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hay hueso

English translation: to know on which side one's bread is buttered (see context)

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GLOSSARY ENTRY (DERIVED FROM QUESTION BELOW)
Spanish term or phrase:hay hueso
English translation:to know on which side one's bread is buttered (see context)
Entered by: Atenea Acevedo
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21:37 Mar 4, 2002
Spanish to English translations [Non-PRO]
Spanish term or phrase: hay hueso
it is used in informal talk.
jon
modismo
Explanation:
En México (y en otros países latinoamericanos), "hueso" se refiere a la posibilidad de tener un trabajo o beneficiarse de algo. Por ejemplo, los políticos, al final de un período presidencial, cuando hay cambios de funcionarios, no quieren "soltar el hueso". Otros esperan "recibir un hueso" y entrar en el juego político.

En un sentido coloquial, podría traducirse por el modismo en inglés: "To know on which side one's bread is buttered", es decir, saber lo que a uno le conviene.
Selected response from:

Atenea Acevedo
Local time: 08:45
Grading comment
Graded automatically based on peer agreement. KudoZ.
4 KudoZ points were awarded for this answer

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Summary of answers provided
4 +2modismoAtenea Acevedo
5Strict
Teresa Duran-Sanchez
4 +1answerMarcus Malabad


Discussion entries: 3





  

Answers


1 hr   confidence: Answerer confidence 4/5Answerer confidence 4/5 peer agreement (net): +1
answer


Explanation:
Hueso means "bone" but it also means "a drudgery, rotten job, hard job". Another meaning is "piece of junk or rubbish".

The speaker may have said: "ay, hueso!" and that's what you heard. The speaker may have been lamenting that what he's talking about is a piece of junk or he's doing a bummer of a job.

Of course, it could be something else depending on the context.

Marcus Malabad
Canada
Local time: 15:45
Native speaker of: Native in EnglishEnglish, Native in TagalogTagalog
PRO pts in pair: 458

Peer comments on this answer (and responses from the answerer)
agree  Rafa Lombardino
2 hrs
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6 hrs   confidence: Answerer confidence 4/5Answerer confidence 4/5 peer agreement (net): +2
modismo


Explanation:
En México (y en otros países latinoamericanos), "hueso" se refiere a la posibilidad de tener un trabajo o beneficiarse de algo. Por ejemplo, los políticos, al final de un período presidencial, cuando hay cambios de funcionarios, no quieren "soltar el hueso". Otros esperan "recibir un hueso" y entrar en el juego político.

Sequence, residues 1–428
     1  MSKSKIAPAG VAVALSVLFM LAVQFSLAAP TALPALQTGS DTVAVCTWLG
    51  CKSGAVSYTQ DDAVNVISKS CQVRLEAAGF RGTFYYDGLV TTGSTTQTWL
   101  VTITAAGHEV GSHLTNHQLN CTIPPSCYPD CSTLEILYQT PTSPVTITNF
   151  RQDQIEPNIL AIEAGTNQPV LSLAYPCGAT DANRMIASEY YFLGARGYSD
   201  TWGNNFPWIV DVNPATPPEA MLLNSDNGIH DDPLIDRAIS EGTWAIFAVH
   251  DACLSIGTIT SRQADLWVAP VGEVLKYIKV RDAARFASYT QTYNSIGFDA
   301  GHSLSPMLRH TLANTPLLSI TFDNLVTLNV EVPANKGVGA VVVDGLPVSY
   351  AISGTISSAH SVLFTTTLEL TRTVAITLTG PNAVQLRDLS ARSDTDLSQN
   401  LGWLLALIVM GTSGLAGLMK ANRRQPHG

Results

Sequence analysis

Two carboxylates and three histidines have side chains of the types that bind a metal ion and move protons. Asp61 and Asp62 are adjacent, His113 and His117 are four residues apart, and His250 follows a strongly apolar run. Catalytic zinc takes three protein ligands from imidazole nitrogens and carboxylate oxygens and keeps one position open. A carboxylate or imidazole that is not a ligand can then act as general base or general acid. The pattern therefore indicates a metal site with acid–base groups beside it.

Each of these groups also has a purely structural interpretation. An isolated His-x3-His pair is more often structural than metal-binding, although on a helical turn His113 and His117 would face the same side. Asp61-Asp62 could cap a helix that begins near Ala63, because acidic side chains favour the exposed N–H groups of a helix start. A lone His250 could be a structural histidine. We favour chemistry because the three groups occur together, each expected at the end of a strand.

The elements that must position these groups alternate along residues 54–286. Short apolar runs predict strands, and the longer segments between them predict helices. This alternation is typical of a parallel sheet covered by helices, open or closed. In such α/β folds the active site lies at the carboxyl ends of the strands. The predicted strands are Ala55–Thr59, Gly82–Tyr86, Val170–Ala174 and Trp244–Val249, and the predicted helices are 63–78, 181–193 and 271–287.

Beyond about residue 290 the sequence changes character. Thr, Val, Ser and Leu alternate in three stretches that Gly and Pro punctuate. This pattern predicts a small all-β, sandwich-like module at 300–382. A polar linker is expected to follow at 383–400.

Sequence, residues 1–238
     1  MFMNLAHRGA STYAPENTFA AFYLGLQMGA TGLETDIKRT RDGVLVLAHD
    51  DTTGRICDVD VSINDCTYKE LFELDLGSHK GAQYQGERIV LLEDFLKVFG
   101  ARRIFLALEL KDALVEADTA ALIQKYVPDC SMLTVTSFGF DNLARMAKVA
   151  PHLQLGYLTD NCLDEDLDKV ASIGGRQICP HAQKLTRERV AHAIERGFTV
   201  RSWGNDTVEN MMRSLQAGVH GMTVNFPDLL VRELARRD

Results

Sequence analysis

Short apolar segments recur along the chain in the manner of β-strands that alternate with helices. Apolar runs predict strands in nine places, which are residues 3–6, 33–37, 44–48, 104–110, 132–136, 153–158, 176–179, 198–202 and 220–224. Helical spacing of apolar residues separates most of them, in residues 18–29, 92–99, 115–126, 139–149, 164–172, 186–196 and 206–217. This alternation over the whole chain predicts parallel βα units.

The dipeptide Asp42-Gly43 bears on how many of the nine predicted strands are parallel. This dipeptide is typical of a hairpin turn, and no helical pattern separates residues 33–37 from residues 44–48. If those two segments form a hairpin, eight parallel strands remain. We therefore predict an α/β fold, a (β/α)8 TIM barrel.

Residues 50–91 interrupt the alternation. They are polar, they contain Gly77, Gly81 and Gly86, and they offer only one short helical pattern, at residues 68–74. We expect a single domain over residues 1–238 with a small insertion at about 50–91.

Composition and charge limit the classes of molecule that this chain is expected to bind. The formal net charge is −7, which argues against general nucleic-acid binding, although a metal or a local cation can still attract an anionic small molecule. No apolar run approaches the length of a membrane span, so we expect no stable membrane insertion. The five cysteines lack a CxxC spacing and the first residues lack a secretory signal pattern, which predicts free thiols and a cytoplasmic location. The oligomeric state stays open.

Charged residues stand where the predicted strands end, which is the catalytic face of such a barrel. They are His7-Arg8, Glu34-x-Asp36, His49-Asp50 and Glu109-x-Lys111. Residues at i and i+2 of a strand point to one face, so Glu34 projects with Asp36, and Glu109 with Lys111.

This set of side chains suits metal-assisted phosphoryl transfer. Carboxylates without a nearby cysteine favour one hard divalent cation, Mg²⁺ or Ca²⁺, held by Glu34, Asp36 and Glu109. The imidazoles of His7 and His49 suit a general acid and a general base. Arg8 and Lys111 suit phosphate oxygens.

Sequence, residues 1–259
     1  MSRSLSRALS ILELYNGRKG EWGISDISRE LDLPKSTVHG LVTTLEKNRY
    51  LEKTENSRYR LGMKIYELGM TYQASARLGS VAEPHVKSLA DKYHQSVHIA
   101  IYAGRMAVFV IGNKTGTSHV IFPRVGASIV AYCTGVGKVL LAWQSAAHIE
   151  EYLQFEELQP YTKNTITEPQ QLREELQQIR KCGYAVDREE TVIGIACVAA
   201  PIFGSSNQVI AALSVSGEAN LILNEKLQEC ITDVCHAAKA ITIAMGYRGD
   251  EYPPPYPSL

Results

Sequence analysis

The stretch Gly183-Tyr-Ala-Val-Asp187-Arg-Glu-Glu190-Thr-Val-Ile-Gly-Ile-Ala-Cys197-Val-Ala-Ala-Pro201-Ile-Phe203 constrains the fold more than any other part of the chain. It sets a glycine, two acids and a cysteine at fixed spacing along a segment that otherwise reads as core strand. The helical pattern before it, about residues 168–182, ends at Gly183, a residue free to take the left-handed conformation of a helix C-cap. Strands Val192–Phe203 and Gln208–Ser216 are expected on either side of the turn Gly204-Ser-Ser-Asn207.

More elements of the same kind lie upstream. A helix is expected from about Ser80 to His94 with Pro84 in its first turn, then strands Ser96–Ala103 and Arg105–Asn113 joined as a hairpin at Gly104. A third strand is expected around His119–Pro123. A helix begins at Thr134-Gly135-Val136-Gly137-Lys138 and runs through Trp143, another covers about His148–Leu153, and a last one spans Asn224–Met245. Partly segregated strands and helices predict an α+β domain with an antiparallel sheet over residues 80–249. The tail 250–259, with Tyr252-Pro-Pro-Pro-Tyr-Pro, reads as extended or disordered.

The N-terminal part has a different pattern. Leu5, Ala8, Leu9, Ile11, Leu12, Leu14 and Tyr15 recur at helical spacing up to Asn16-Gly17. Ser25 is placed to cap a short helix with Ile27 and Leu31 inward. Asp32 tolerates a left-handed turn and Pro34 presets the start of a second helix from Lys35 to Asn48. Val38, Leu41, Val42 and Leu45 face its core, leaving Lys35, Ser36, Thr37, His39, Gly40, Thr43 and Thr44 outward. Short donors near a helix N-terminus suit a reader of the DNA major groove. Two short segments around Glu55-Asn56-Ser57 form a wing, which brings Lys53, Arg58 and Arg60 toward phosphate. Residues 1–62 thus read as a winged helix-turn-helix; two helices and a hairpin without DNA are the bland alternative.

En un sentido coloquial, podría traducirse por el modismo en inglés: "To know on which side one's bread is buttered", es decir, saber lo que a uno le conviene.

Atenea Acevedo
Local time: 08:45
Native speaker of: Native in SpanishSpanish
PRO pts in pair: 110
Grading comment
Graded automatically based on peer agreement. KudoZ.

Peer comments on this answer (and responses from the answerer)
agree  jafroome
6 hrs
  -> Gracias

agree  xxxR.J.Chadwick: Interesting. "Perks" (e.g. the "perks" of a job) might be a similar expression from English. Or: "jobs for the boys" may be somewhat related.
151 days
  -> Thanks! Definitely "perks" is a good expression for it.
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16 hrs   confidence: Answerer confidence 5/5
Strict


Explanation:
I would need much more context to know what this refers to. In Spain, we say that somebody is a "hueso" (referred mainly to teachers or parents) when they are very strict and don´t allow any kind of naughty behaviour. "Hay" means "there is". It might mean: "here comes our strict teacher". It´s informal but not offensive.

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Note added at 2002-03-05 14:21:01 (GMT)
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Also, referred to teachers, when they make their exams terribly difficult.

Teresa Duran-Sanchez
Spain
Local time: 15:45
Native speaker of: Native in SpanishSpanish
PRO pts in pair: 135
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